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New Models of Publishing, Open Access, and Open Digital Archives
The Internet makes digital publishing possible in new and exciting ways. It is rapidly changing how information is produced, distributed, peer-reviewed, and constructively criticized. The changes affect how faculty conduct literature reviews or share scholarly findings, how students do research, and how information may be used for classroom teaching.
Faculty participate in the system of scholarly communication as authors, editors, readers and reviewers. They are stakeholders in the current system that is now undergoing widespread and systematic changes. These changes will affect how faculty members at Macalester publish their research findings.
Scholarly Communication Changes at Macalester
The Library at Macalester actively promotes a scholarly communication model that relies on harnessing the power of the Internet coupled with open access distribution of scholarly work. This web site, which is intended to help the community stay informed and to create change on a local level, is maintained by the Library with the cooperation of the Macalester Scholarly Publishing Committee. The site provides information on developments in the areas of:
- Author Rights and Copyright
- Digital Scholarship
- Open Access Journals
- Open Digital Archives
- Recommendations from scholarly societies
- Public Policy
As a scholarly community, we need to become aware of ... the changes
in scholarly publishing in order to make informed decisions about our
own scholarly publishing and to assist the institution in making decisions
about digital archiving, supporting faculty publishing in open-access
journals, and distributing finite resources for journal subscription
fees that are spiraling out of control.
[Future of Scholarly Publishing; announcement to Dept. Chairs, May 2007]
Learning About Scholarly Communication
Interested in learning more about issues in scholarly communication? The following three resources are excellent starting points.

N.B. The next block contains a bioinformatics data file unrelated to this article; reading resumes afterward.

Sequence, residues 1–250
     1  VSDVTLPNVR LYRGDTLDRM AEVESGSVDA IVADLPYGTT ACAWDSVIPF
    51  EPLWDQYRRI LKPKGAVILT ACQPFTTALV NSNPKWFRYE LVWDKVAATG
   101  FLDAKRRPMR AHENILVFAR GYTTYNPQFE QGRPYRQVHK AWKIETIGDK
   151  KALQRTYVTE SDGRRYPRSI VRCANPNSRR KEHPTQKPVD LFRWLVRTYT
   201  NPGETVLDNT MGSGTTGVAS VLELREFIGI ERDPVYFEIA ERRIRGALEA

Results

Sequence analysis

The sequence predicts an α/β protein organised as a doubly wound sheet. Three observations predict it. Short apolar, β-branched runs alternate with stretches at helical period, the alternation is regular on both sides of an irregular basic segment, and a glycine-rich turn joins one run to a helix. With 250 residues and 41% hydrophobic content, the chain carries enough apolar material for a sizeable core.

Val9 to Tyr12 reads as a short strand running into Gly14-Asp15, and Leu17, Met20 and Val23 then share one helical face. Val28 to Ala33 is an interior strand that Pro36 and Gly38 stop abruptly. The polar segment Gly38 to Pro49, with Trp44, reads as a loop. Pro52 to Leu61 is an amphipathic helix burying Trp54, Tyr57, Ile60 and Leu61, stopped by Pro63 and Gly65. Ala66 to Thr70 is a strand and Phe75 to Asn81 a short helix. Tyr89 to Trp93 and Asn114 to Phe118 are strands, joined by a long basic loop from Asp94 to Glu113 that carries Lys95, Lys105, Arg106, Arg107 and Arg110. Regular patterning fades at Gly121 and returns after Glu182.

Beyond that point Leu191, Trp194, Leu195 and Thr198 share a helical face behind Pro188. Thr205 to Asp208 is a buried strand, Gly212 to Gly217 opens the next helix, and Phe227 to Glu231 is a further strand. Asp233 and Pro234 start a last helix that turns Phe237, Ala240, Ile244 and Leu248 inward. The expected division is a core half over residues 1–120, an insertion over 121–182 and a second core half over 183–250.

SPARC, or Scholarly Publishing and Academic Resources Coalition, is an alliance of universities, research libraries and organizations. It was created as a constructive response to market dysfunctions in the scholarly communication area. These dysfunctions have reduced dissemination of scholarship and crippled libraries. SPARC serves as a catalyst for action, helping to create systems that expand information dissemination and use in a networked digital environment while responding to the needs of academe.
"Shouldn't the way we share research be as advanced as the Internet?" Create Change is an educational initiative that examines new opportunities in scholarly communication, advocates changes that recognize the potential of the networked digital environment, and encourages active participation by scholars and researchers to guide the course of change.
University of California's Office of Scholarly Communication.
The Macalester Scholarly Publishing CommitteeThe Macalester Scholary Publishing Committee was formed in the Spring of 2007, thereby replacing the Scholarly Publishing Taskforce, which had been formed in 2006. The members of the initial taskforce were Jim Dawes, Martin Gunderson, Khaldoun Samman, Eric Wiertelak, Jan Serie, Dave Collins, Angi Faiks, and Terri Fishel.